Another factor out of our control is our natural athletic ability. Some people you start your BJJ journey with may have an athletic edge over you. Maybe you spent most of your life dedicated to hobbies outside sports while your training partner grew up playing multiple sports or even another martial art. Jiu jitsu may be your first foray into a physical hobby at all. Naturally, that training partner is going to pick up concepts and the physicality of the sport faster than you may. It is best to not be discouraged. You can’t keep track of what everyone’s natural talent or athletic background is. It is best to focus on yourself and ensure you are getting a little better with each class.
Watch Out for Wrestlers
White belts often take the form of former wrestlers. It may be discouraging when you go up against someone who seemingly has the same experience as you and they completely dominate you. While wrestling isn’t the same as BJJ, many of the skills such as scrambling, maintaining your base and an overall understanding of how to control the body will carry over. A wrestler is going to learn BJJ faster than someone who has never grappled before and as a result, get their blue belt faster. In fact, when former college wrestlers enter tournaments, they are often told they need to enter as blue belts, even if they are technically white belts!
Where You Train and Your Professor
One of the biggest factors that determines when you get your next belt is the person handing them out – your instructor or professor. A professor at one school may have a completely different philosophy than another when it comes to promoting students. Some instructors only promote when you are already well beyond the skills necessary for the next belt. Some promote right when you hit the skill level. Some have even quirkier rules and only promote after you partake in a competition. Whatever it may be, just because your friend at one school got their blue belt in 12 months doesn’t mean you will get yours in 12 months at your school.
Another related factor is if you move schools. Professors keep track their student’s progression and have a sense of how long they are away from promotion. If you were to start training as a white belt at one school, accumulate two stripes, but then move to another school, you may end up slowing your progress. It will take at least some time for your new professor to assess your skills and where they think you are promotion wise. As we mention above, your new professor may have a different philosophy than your old one about promotions as well.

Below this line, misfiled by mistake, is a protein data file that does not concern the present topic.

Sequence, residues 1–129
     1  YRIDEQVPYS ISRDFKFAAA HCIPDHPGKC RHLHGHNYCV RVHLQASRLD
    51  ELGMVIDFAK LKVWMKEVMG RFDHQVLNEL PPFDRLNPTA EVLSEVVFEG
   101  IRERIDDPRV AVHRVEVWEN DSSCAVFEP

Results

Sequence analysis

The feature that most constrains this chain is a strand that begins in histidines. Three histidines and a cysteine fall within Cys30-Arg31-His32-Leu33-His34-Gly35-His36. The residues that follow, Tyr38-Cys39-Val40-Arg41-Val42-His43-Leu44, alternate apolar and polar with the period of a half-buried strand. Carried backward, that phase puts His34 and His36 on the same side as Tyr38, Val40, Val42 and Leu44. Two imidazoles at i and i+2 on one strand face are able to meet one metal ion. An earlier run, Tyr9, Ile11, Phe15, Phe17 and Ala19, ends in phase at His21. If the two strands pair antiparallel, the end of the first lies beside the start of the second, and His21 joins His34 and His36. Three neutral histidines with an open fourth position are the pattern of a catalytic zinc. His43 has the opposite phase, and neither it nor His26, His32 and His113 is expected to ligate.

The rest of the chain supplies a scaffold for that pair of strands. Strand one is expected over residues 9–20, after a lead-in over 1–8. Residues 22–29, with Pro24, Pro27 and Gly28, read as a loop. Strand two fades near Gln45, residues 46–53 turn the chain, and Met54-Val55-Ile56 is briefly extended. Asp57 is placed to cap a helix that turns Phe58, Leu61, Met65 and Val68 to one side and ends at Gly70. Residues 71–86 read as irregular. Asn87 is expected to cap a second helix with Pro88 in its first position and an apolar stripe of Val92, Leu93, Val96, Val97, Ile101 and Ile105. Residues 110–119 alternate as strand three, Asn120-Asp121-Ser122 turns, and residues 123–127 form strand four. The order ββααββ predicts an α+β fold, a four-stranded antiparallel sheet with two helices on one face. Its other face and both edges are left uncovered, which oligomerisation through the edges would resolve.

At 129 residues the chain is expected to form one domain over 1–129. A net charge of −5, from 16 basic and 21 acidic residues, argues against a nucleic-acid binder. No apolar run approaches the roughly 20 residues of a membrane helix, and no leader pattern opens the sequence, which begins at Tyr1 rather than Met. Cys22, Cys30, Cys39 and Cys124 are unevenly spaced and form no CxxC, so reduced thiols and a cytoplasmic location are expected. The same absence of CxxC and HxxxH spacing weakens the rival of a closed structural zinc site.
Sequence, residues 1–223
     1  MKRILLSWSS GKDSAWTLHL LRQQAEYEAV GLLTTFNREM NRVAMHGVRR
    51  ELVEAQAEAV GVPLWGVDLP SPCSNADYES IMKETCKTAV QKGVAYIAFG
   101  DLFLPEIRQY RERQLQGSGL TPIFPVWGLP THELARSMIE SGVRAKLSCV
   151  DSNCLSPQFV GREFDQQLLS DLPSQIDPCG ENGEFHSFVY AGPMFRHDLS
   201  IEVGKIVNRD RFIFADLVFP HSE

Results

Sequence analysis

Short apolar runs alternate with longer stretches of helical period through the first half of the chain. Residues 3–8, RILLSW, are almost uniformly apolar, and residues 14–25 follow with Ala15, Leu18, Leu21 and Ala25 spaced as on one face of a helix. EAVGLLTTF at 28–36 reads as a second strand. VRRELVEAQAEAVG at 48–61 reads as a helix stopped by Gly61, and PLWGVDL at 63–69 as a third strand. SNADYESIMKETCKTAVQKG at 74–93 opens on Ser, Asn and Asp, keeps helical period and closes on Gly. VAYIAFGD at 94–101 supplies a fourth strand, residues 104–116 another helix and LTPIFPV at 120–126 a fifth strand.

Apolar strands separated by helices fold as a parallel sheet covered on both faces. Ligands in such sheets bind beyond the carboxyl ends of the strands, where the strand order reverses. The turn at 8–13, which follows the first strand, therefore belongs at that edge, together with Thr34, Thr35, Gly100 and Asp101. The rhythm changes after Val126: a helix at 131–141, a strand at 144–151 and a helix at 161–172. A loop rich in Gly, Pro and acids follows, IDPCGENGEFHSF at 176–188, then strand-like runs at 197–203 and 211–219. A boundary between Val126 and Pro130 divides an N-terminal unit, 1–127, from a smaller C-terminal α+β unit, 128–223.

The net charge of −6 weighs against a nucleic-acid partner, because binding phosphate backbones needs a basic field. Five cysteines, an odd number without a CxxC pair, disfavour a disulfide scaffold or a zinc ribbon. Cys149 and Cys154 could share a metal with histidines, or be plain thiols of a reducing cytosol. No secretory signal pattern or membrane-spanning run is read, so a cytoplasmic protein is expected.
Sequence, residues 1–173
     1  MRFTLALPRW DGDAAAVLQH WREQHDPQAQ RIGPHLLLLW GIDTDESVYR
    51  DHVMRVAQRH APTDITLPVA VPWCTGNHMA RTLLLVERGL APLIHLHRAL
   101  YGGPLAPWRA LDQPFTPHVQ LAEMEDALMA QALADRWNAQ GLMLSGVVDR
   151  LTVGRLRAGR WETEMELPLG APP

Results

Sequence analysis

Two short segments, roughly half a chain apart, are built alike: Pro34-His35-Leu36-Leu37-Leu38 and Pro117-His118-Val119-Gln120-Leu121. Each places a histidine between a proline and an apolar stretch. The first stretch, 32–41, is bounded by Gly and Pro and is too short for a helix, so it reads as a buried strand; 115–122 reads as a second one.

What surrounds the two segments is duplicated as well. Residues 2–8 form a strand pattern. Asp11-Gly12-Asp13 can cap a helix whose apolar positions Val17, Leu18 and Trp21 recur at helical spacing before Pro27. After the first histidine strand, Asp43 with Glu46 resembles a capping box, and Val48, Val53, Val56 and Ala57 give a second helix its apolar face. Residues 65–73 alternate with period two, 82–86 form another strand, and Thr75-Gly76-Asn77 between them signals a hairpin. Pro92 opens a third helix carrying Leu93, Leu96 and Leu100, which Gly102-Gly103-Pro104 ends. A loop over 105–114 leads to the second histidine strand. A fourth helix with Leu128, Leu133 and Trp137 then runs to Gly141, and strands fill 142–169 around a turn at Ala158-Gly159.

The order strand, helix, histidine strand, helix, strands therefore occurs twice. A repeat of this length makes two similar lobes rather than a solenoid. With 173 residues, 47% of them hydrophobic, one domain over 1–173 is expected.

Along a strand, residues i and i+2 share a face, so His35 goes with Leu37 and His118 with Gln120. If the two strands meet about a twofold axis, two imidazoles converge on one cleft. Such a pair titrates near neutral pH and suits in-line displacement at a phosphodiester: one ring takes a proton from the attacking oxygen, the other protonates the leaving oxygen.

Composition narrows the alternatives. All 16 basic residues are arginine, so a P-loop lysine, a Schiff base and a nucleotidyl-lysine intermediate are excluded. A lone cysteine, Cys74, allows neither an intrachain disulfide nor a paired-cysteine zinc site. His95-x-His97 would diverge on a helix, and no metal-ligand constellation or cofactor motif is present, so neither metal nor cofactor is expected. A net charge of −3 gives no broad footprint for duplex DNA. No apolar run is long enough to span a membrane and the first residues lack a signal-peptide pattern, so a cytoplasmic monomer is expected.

Is Getting a Blue Belt Important?
As a blue belt myself, I would say yes, it is important. It’s the culmination of many months of hard work – much of that being the rag doll of the more experienced students. There are healthy ways and not healthy ways however when it comes to thinking about your blue belt. For example, it’s ok to use your next belt as the motivation you need to go to class when you’re tired. It’s ok to work toward that goal. It is important however to make sure its not your only goal. A belt is just a belt. You are practicing Jiu Jitsu for reasons beyond the belt. – whether its to learn a new skill, learn self defense, learn MMA, make friends, etc. You can lose sight of those more important things if you are too fixated on getting your belt. Focus on the important things and your belts will come. Fixating too much on your blue belt can lead to something called the blue belt blues.
What Happens After Your Blue Belt
There is a running joke in BJJ that most people quit BJJ either after their first class or after getting their blue belt. That may sound odd, after all, you just dedicated likely a year and a half of your life to getting your blue belt – why would you quit? It happens quite often however. The issue stems from fixating too much on the belt itself.
The Blue Belt Blues
As we mention above, this phenomenon is often called the blue belt blues. When you are hyperfixated on an end destination and you finally reach that destination, you may find yourself lacking motivation and meaning. It’s the “well, what next?” feeling. For those who just wanted their blue belt, that question may be harder to answer. You may find the motivation to get your purple belt isn’t as fierce. Burnout is also common, which also reduces motivation. That is why it is important to make sure you are enjoying learning BJJ because you find the sport itself enjoyable. If you find BJJ itself enjoyable, it won’t matter what belt you have.
Another aspect of blue belt blues is the awkward feeling of not being quite a beginner but also still not being an expert. Blue belts can reliably beat up on white belts, but still lose handily to purples, browns and black belts. For many that can lead to frustration that may have not been present as a white belt. As a white belt, everyone knows you’re a beginner. Your mistakes mean less, your screw ups are funny and everyone knows you’re still just learning. It’s like a toddler trying to walk. When you become a blue belt however, even though you are still a beginner, you may beat yourself up more for mistakes or screw ups. That extra pressure may take some of the fun out of the sport. It is definitely important to remember its ok to make mistakes (at any belt really) and you are most definitely still the learner as a blue belt.